We visited the home of Impressionist painter Claude Monet and the gardens that inspired his famous Water Lily series.
We, like thousands of visitors each year, left the main sightseeing trail in Normandy to visit Giverny, this modest town in the Seine Valley. And ironically, there are no original works by Monet in the pretty pink-and-green house where he lived until his death in 1926. Plenty of prints and copies adorn the rooms, but it is the garden and the famous lily pond and bridge that lure the crowds.
Gardeners keep the scene as close as possible to the way things were in Monet’s day. The painter bought the house in 1895, having rented it as a family home since 1883. It was here that he painted the irises and lily pond scenes that were his final obsessions. You can see his walled garden ‘Le Clos Normand’ and the lily pond. A main road separates the gardens, but an underpass takes visitors safely to the pond. Wonderful though the gardens are, the sheer number of people means they are not a place for quiet contemplation. The art trail spills over onto the nearby streets, and rue Claude Monet is filled with artists’ workshops and galleries. The Musée d’Art Américain Giverny has works by Monet’s American contemporaries in France, as well as temporary exhibitions.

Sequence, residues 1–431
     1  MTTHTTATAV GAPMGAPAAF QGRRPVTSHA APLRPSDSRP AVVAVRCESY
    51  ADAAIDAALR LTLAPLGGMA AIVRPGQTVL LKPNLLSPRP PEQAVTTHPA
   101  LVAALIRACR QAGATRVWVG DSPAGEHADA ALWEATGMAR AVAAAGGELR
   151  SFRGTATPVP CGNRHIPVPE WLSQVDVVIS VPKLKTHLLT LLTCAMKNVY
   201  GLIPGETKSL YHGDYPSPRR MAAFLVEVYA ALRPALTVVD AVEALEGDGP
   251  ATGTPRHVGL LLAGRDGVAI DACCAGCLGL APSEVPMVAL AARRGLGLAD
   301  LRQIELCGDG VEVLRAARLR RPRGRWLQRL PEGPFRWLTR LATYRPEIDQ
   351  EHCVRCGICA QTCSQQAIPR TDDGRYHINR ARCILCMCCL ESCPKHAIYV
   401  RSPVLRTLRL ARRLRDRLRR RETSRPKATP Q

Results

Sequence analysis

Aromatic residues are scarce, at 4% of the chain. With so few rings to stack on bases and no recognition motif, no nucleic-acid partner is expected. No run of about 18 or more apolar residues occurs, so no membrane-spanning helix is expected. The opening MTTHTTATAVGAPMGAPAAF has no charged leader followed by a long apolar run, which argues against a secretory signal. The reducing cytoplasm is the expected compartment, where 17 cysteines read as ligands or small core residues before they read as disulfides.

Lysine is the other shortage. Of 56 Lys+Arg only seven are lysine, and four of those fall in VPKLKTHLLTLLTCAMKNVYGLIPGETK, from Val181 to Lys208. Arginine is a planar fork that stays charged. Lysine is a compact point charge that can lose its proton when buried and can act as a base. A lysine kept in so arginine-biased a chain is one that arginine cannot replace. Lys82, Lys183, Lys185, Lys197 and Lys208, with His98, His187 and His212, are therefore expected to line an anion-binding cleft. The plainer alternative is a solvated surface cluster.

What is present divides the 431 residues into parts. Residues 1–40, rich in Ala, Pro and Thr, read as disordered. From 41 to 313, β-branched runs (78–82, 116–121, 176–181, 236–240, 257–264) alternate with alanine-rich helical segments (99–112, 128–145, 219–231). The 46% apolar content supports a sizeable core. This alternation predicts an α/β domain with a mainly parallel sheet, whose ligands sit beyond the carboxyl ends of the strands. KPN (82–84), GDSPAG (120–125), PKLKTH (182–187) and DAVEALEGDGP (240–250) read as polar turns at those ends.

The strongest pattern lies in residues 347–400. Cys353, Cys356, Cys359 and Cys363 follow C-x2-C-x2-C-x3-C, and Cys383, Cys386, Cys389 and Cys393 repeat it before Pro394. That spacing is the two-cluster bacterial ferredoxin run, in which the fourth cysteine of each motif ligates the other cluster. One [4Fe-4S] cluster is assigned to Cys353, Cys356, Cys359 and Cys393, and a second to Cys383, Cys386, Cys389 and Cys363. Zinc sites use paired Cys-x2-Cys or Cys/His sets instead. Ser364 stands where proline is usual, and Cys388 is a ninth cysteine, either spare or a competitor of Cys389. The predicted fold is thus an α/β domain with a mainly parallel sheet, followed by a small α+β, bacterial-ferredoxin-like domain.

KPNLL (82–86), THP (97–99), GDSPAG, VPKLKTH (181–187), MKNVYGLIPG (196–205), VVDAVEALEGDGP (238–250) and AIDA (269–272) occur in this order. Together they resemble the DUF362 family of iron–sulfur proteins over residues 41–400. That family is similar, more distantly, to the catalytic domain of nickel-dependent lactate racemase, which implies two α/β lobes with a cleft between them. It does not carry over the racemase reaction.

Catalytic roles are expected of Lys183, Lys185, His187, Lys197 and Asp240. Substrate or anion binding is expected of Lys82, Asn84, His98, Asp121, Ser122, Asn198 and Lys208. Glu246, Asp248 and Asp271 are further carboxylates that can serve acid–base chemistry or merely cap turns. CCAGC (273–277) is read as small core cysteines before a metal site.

Our Top tips
Arrive early to see the lily pond without the crowds. Visit in early summer to see the gardens at their very best. Don’t miss the Hôtel Baudy, a former boarding house and bar in rue Claude Monet. It is where Monet met with Renoir, Sisley, Pisarro and Rodin and the American artists who followed them.
Visit this region, rich in his history and culture, and go camping in Normandy with help from I Spy Camping